Wednesday, December 19, 2018
Today's Hearing in Federal Court: A Summary
This morning in Courtroom 1035 of the US District Court, Southern District of New York, I witnessed a profound scene as I entered the courtroom at 9:20 AM. Seated at the defense table was our attorney Robert Boyle, attorney Glenn Garber, Director of The Exoneration Initiative, attorney Rebecca Freedman, Assistant Director of The Exoneration Initiative, and Shane Watson, seated between Robert and Rebecca. This was the first time I’ve seen Shane seated at the defense table dressed in street clothes; a shirt and tie. The last time I saw Shane in court was in the state appellate court in 2014, before sleepy Judge Richard Price. In those hearings Shane was outfitted in prison garb, and led into the courtroom in chains. The atmosphere this morning in Federal Court was markedly different. Today Shane sat as a (almost) free citizen, and was just a short distance away from the witness stand, where Miss Christine Holloway testified for over two hours. Miss Holloway, who resides in Georgia, was brought to New York at the request of Judge Paul Engelmayer, the presiding judge in this hearing, in order to essentially measure her credibility as a witness who has recanted her testimony.
On Wednesday October 9, 1991, Christine Holloway, a former Corrections Officer for the City of New York with over 5 years of experience, was parking her car late at night off of Schieffelin Avenue in the Bronx, when she saw a person walk past the front of her car, dressed in dark clothing, wearing a hoodie tightly drawn over her/his head. Miss Holloway was thinking about her brother during those moments. She had just returned from signing a “DNR” (Do Not Resuscitate) release, as her brother was suffering from AIDS and terminally ill. While seated in her car attempting to park, Miss Holloway heard gunshots, and saw a person running after another person on the street, some 60-70 feet away. A homicide had been committed, and Miss Holloway was questioned by NYC Detective Sevile Jones as to what she had seen. This questioning went into the early hours of the next morning. In essence, Detective Jones’ questioning was designed to coerce Miss Holloway into identifying Shane Watson as the shooter. A photo of Shane Watson was shown to Miss Holloway, who was told “This is the guy” and “We have other witnesses who have ID’d him.” Jones was playing on the fact that Holloway, a corrections officer, would consider the police to be “comrades” (her term). After relentless questioning and coercion, Holloway changed her position from declaring that she had not seen the face of the person wearing the dark clothes and hoodie (the truth), and complying with Detective Jones’ insistence that Shane Watson “was the bad guy”. The inherent flaws in Detective Jones’ questioning is described here by our investigator Doug Walters:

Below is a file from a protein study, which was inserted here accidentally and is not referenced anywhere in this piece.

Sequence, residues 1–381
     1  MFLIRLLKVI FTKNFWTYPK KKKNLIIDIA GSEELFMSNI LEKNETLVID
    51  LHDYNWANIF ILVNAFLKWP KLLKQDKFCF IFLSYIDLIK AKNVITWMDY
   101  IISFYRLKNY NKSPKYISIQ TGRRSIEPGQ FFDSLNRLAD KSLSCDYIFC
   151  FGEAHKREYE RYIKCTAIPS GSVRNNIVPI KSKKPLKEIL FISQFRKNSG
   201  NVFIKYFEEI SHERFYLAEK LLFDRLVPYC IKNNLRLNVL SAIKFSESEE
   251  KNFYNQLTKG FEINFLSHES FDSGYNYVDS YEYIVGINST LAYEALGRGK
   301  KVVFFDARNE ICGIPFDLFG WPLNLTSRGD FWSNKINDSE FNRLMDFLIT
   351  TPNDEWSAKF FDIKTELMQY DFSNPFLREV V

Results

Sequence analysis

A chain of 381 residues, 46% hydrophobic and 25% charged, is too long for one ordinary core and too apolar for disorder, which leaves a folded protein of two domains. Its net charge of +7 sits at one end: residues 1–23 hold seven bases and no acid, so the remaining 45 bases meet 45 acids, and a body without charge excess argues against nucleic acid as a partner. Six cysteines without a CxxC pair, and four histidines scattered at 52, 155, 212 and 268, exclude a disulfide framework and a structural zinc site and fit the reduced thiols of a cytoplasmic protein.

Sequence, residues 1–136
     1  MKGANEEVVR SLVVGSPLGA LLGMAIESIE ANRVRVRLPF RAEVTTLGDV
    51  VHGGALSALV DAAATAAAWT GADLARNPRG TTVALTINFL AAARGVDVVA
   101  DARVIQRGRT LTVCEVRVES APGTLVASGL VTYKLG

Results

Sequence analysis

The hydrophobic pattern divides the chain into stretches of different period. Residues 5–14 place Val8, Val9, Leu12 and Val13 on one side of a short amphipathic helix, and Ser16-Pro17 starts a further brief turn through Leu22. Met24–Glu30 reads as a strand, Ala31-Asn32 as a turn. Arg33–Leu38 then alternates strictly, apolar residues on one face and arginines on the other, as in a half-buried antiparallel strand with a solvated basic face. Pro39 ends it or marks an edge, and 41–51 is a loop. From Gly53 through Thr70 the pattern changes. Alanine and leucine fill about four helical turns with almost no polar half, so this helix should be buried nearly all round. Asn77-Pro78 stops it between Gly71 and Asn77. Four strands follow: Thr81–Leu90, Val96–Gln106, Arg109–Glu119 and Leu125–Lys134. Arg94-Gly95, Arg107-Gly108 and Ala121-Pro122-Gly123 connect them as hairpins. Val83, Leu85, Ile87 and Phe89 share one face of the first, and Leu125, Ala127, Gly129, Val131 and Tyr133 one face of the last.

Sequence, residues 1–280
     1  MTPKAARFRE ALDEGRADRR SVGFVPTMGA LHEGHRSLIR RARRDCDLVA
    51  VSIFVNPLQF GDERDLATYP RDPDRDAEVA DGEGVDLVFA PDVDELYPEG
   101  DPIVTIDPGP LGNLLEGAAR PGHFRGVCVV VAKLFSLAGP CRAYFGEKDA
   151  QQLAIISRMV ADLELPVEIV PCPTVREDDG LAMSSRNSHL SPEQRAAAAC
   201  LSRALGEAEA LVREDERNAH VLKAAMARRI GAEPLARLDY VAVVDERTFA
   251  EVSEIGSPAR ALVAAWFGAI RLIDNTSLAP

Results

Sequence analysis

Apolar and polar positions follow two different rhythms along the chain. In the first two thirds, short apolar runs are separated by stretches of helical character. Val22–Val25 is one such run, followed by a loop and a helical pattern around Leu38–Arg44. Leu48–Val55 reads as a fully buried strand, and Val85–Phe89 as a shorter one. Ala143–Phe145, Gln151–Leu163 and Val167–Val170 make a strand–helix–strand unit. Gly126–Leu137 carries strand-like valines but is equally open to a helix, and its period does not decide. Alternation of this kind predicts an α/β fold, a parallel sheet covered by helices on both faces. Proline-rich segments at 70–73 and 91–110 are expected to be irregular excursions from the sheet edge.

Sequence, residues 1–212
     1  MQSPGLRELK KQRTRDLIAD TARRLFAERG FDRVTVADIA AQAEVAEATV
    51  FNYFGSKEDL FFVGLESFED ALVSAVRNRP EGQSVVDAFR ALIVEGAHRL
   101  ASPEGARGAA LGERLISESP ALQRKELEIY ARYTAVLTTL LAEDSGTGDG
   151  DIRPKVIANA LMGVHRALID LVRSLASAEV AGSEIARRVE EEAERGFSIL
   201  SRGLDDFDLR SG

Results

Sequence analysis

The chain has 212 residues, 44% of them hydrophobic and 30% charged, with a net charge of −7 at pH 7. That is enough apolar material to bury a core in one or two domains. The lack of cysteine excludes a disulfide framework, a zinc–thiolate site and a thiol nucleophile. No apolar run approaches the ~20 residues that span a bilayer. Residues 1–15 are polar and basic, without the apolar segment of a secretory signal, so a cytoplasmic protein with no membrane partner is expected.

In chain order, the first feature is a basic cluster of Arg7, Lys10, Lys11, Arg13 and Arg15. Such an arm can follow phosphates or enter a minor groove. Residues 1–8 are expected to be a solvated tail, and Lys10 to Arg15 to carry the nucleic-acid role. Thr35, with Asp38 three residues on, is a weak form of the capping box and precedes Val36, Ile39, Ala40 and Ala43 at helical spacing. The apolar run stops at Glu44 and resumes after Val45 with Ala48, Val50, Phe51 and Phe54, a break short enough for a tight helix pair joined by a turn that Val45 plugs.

In 2011 we located Christine Holloway in Georgia. Another investigator employed by our attorney Robert Boyle succeeded in speaking with her and she stated that her conscience had troubled her for many years and that she was willing to execute an affidavit with Mr. Boyle, which she did. In the affidavit she confirmed that she never saw the shooter well enough to identify him, and that she did identify Shane Watson only because the police and District Attorney told her “he was the shooter” and “a bad man” and they needed her to help them. She further stated that the police showed her a photo of Shane Watson BEFORE showing her the photo array and instructed her that he was the killer. This alone would have resulted in dismissal of the charges had the court known of it. Ms. Holloway also stated in her affidavit that many of the details of her testimony at the trial were total fabrications suggested to her by the prosecution in an attempt to make her story seem plausible.